Our global temperatures are soaring toward a record high this year, the United Nations weather agency said on Monday. While another report showed emissions of a key global-warming gas have flattened out in the past three years. news reports show record saying that after two consecutive years of record-breaking heat, 2016 looks to be yet another hot year.
2016 To Beat The Heat Record
The United Nations weather agency said Monday that the global temperature is making it unbeatable to reach. The reports injected a mix of gloom and hope at UN climate talks in Marrakech this week. According to CBC News, The WMO's preliminary data through October showed world temperatures, boosted by the El Niño phenomenon, are 1.2 C above pre-industrial levels.
"Another year. Another record. The high temperatures we saw in 2015 are set to be beaten in 2016," said Petteri Taalas, the head of the World Meteorological Organization (WMO). The WMO said 16 of the 17 hottest years have occurred this century. The only exception was 1998, which was also an El Niño year. The El Niño of fall 2015-winter 2016 was one of the strongest in years.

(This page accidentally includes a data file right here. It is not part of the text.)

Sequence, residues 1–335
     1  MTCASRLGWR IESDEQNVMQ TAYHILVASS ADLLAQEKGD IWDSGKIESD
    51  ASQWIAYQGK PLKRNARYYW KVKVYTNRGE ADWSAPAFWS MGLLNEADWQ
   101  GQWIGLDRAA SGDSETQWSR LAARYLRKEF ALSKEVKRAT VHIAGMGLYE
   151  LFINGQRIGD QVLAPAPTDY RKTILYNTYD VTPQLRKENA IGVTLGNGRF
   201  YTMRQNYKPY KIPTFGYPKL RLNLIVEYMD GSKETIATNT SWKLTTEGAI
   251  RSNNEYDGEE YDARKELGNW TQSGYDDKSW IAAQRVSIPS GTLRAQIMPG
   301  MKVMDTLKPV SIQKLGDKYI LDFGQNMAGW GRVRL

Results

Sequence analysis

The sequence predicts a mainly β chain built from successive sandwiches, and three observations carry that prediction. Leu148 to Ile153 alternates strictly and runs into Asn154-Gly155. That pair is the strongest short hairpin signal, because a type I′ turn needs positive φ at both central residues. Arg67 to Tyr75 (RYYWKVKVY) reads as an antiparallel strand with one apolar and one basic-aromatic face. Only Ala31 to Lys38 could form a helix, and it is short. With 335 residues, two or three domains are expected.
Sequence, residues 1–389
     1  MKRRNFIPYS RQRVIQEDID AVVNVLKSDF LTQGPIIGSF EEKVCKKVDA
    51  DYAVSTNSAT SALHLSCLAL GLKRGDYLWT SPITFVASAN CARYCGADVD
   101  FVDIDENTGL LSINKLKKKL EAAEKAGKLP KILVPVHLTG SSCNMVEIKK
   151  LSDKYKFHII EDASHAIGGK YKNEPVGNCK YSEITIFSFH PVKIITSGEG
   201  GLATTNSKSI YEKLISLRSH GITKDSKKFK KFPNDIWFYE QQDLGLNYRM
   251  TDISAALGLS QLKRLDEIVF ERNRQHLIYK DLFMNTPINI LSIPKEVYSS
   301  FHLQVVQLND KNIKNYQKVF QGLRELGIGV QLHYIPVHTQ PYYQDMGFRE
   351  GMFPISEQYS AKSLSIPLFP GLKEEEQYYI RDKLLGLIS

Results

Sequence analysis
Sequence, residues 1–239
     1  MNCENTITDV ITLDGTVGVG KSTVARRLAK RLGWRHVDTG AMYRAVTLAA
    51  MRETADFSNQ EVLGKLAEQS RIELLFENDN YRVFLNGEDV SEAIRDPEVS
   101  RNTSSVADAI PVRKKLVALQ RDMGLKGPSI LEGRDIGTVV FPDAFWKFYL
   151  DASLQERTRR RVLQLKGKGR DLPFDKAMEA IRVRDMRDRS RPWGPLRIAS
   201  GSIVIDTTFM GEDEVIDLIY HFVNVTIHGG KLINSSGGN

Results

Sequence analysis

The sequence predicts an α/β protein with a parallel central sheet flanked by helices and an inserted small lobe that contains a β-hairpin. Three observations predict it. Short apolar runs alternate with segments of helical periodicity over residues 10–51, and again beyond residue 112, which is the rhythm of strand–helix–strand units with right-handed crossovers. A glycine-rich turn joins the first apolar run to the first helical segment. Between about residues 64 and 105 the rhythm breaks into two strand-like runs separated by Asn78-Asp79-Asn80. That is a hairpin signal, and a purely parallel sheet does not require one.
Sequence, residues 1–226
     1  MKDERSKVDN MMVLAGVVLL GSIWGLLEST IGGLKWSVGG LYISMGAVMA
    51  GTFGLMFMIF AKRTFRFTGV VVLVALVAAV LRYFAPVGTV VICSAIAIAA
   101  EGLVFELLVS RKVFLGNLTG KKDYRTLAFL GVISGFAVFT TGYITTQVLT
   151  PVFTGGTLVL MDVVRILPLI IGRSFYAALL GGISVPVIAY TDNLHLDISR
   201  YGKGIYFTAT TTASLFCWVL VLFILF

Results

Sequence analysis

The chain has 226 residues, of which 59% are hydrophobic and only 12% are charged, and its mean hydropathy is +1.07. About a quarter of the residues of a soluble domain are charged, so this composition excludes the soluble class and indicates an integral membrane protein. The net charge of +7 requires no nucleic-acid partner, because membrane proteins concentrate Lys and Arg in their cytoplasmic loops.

As reported by IBM, Taalas said parts of the Arctic Russia saw temperatures sailing 6 to 7˚C above average. “We are used to measuring temperature records in fractions of a degree, and so this is different,” he said. The National Oceanic and Atmospheric Administration announced that from May 2015 to August 2016, the Earth set monthly heat records for 16 straight months.
Scientists blame continued man-made climate change from the burning of fossil fuels, goosed by a now-gone El Nino. El Nino is the occasional natural warming of parts of the Pacific that changes weather worldwide. The first 10 months of 2016 have been the hottest year to date, averaging 59.15 degrees (15.07 Celsius). That beats 2015 by .18 degrees (.1 Celsius).
What is El Niño?
El Niño is a climate cycle in the Pacific Ocean with a global impact on weather patterns. The cycle begins when warm water in the western tropical Pacific Ocean shifts eastward along the equator toward the coast of South America. Normally, this warm water pools near Indonesia and the Philippines. Forecasters declare an official El Niño when they see both ocean temperatures and rainfall from storms veer to the east.